‘I'll Sell My Shirt’ [Anaglyphic] [1953] [1080p] [1.75:1] [9:54] Another 3-D Black-and-White oddity from 1953, ‘I’ll Sell My Shirt’ features the so called “comedy” team of George “Beetlepuss” Lewis and Charlie Crafts in a burlesque film featuring a swinging (literally) stripper and an uncomfortable bit of the two men doing all they can to get another woman undressed. It’s actually one of the rarest of all 3-D films and certainly appeals to an audience of its time. Feminists today will be horrified, but it is an interesting curio nonetheless. I thought this was very unfunny, especially with two men who are misogynous dinosaurs who would not be allowed to be filmed in the 21st Century and a complete waste of film. The opening sequence with Dorothy Burke was photographed with the camera shutters out-of-phase. The watery 3-D image during the fast movement was baked-in and cannot be fixed.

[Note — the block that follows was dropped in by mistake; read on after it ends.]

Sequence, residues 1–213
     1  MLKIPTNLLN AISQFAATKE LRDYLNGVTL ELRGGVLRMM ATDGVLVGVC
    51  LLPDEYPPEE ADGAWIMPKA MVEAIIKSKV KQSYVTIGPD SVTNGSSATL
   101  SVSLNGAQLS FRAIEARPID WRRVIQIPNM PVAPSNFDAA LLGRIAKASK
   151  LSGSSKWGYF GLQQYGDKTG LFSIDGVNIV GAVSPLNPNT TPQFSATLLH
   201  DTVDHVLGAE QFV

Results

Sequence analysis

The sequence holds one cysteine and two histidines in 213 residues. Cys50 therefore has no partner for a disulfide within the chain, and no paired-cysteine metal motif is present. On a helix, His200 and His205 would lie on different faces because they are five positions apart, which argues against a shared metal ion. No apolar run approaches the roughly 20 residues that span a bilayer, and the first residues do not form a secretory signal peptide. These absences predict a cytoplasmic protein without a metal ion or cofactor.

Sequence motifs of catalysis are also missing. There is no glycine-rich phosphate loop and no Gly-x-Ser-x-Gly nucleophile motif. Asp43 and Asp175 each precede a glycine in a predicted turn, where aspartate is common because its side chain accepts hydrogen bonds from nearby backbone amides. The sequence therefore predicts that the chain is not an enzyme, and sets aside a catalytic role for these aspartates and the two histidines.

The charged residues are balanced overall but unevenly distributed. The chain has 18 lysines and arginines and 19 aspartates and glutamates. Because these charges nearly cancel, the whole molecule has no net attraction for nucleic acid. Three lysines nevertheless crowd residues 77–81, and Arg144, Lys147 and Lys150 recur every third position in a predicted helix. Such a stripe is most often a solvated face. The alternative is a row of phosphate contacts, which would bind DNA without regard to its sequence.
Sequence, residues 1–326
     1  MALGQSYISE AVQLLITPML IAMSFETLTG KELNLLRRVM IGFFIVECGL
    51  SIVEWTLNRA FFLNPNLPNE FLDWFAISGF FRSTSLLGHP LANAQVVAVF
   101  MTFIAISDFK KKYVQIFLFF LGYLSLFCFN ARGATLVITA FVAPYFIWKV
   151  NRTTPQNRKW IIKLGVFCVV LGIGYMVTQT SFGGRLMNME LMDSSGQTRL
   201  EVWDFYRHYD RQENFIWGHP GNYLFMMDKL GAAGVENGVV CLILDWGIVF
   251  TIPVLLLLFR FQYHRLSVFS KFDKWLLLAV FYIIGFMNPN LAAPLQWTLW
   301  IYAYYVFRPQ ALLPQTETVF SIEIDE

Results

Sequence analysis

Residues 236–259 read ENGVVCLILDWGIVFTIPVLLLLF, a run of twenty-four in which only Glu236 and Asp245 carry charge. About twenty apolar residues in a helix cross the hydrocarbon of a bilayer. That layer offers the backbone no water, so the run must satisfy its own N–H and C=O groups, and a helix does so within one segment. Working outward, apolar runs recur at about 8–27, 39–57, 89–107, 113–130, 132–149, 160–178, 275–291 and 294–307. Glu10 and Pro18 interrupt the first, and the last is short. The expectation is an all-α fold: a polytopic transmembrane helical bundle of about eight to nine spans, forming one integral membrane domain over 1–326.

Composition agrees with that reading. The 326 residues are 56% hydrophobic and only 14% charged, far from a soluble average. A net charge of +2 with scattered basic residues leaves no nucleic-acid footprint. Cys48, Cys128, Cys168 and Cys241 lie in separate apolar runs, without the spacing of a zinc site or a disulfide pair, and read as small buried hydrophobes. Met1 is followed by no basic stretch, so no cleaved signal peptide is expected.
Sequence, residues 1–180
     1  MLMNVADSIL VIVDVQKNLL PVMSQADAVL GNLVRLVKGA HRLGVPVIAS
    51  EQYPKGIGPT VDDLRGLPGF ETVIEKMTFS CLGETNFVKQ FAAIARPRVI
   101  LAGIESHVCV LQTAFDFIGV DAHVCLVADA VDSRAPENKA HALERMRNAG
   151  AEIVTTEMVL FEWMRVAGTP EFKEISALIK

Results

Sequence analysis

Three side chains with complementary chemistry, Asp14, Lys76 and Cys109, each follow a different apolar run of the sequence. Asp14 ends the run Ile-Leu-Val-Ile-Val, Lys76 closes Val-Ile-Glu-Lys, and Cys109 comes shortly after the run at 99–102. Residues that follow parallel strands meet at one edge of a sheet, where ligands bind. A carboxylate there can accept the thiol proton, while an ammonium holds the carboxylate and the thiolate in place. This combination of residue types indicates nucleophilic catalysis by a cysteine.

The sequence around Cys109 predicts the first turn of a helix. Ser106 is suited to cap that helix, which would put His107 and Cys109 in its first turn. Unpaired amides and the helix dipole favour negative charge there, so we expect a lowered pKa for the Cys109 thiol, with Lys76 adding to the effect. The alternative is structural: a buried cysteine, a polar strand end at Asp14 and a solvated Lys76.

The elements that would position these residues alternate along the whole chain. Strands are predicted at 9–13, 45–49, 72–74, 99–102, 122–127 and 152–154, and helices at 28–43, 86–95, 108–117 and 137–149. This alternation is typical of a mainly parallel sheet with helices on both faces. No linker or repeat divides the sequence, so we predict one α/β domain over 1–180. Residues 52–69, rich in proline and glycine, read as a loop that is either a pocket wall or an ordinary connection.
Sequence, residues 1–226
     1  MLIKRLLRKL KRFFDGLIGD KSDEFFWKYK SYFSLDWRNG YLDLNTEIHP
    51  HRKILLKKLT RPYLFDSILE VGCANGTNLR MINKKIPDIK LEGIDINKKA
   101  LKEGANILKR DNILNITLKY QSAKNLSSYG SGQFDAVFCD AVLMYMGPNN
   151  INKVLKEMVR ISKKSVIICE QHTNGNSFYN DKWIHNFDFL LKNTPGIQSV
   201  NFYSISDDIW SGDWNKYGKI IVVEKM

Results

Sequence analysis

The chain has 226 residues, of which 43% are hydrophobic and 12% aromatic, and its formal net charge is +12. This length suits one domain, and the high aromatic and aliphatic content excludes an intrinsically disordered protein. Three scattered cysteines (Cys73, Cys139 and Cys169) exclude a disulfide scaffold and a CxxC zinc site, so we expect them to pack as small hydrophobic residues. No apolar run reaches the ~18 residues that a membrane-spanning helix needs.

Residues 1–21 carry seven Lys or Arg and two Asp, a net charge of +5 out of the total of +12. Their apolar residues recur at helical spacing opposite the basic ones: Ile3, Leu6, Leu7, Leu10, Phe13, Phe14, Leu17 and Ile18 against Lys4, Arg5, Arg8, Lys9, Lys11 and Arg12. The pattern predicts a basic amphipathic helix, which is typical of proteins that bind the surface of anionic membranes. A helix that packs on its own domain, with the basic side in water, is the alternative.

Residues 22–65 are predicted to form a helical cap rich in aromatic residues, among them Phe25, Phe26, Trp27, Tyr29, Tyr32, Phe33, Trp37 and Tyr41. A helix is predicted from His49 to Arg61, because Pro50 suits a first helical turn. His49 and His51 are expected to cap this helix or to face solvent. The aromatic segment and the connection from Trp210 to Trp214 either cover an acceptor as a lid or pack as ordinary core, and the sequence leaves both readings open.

‘Miss Sadie Thompson’ Trailer [Polarized] [1953] [1080i] [1.66:1] [3:00] Columbia Pictures adapted W. Somerset Maugham’s story “Rain” as a vehicle to showcase Rita Hayworth, and was one of the studio’s biggest star and was promoted in the 3-D process and declares “Rita Sings in 3-D…Rita Loves 3-D.” This trailer is zoomed to 1.66:1 from the original 1.85:1 aspect ratio. This was really great to see, especially seeing Rita Hayworth in 3-D seems like a pretty good business plan, and to cast her in a classic story adapted from a W. Somerset Maugham tale was a pretty smart move. This trailer capitalises on her attractiveness and the more sordid elements of the plot, and though the 3-D isn't mind-blowing, it's 3-D effect is worth viewing and gives you another perspective on Rita Hayworth.